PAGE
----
Average Price: around $20 per 1L (Drizly) 

Alcohol Content: 40%

Why We Don’t Like It:

Canadian Club whisky offers many decent expressions that make it one of the most popular Canadian brands in the industry.

However, the 1858 bottle we have here is not that satisfying. 

It has some orange and brown sugar flavors with hints of pepper spice and a touch of bitterness toward the end.

There would be a significant lingering taste, and you would not even feel that you drink it at all.

2. 8 Seconds (Sec8nds) Canadian Whisky

Sec8nds Canadian Whisky Bottle and a  glass on a table

Average Price: around $27 per 750ml (Drizly) 

Alcohol Content: 40%

Why We Don’t Like It:

Although drinking this whisky would not hurt (like having that kind of really nasty flavor lingering in your mouth), you would still want it with ice or mixers. 

It has that weird chemical taste and an unpleasant aftertaste so we don’t recommend sipping it straight. 

This whisky seems to be competing against Pendleton, but you can use it in cocktail recipes to replace Crown Royal.

1. Canadian Mist

Bottle and a Glass of Canadian Mist

Average Price: around $15 per 1L (Drizly) 

Alcohol Content: 40%

Why We Don’t Like It:

Canadian Mist has a heavy medicinal flavor, followed by some artificial sweetener. The background would have that astringent and overripe citrus mixed with some root beer hints. 

These flavors carry on the palate, and there’s some medicinal overripe, citrus blend, raw grain, and burnt toffee.

Then there’s the strong flavor of raw alcohol and butterscotch.

However, these flavors disappeared quickly, leaving no notable traces, making it a boring drink.

Frequently Asked Questions (FAQs)

Why is Canadian whisky cheap?

Canadian whiskies are cheap because they do not require many legal requirements. But the whisky should be aged for a minimum of three years in Canada before it could bear that label.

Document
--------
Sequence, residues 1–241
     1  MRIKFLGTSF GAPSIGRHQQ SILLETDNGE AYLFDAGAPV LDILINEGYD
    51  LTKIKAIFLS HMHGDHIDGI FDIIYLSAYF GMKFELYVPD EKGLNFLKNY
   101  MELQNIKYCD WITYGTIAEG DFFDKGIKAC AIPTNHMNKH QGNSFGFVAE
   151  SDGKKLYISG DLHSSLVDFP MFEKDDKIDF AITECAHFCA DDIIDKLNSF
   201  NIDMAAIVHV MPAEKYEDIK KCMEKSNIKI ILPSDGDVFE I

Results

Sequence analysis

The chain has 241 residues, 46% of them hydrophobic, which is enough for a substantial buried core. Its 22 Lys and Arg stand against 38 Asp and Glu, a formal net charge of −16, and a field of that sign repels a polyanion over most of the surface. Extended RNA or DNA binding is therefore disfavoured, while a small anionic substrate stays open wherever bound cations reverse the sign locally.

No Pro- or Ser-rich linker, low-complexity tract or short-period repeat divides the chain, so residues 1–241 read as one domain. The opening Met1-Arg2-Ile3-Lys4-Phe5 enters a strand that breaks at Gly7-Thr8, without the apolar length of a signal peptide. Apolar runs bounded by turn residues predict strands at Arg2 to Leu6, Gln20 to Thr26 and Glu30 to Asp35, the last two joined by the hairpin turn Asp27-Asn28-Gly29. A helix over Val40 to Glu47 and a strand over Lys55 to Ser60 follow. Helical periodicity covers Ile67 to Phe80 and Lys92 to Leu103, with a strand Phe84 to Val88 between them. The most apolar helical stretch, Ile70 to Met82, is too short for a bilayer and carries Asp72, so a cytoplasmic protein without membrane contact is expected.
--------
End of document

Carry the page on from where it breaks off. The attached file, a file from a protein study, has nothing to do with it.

Does cheap Canadian whisky mean bad?

No, cheap Canadian whisky does not mean bad. Forty Creek is a cheap Canadian whisky that is more than satisfying. 

What is the problem with Canadian whisky?

The problem with some Canadian whiskies is their horrible flavor profile.

Sometimes, you are already drinking something more like a cleaning agent. 

What is the oldest Canadian whisky?

The honor of being the oldest Canadian whisky is often attributed to “Gooderham & Worts,” a brand that traces its roots back to 1832.

This historic whisky brand has a legacy spanning nearly two centuries, contributing to the rich tapestry of Canadian whisky history.

What whiskey is popular in Canada?

In Canada, Crown Royal stands out as one of the most popular and iconic whiskies. Known for its smoothness and distinctive flavor profile, Crown Royal has become a staple in Canadian whisky culture.

The brand offers various expressions, catering to a wide range of taste preferences.

What is considered cheap whiskey?

The categorization of whiskey as “cheap” can be subjective, but it generally refers to affordable options without compromising quality.

Whiskies in the lower price range often include well-known brands like Evan Williams, Old Forester, or Jim Beam White Label, providing accessible choices for those seeking budget-friendly yet enjoyable options.

Does Cutty Sark go bad?

Cutty Sark, like other distilled spirits, does not spoil or go bad in the same way perishable foods might. However, over an extended period or under unfavorable storage conditions, changes in flavor and quality may occur.

Properly stored, in a cool and dark place away from direct sunlight, Cutty Sark can maintain its integrity for an extended time, ensuring a consistent drinking experience.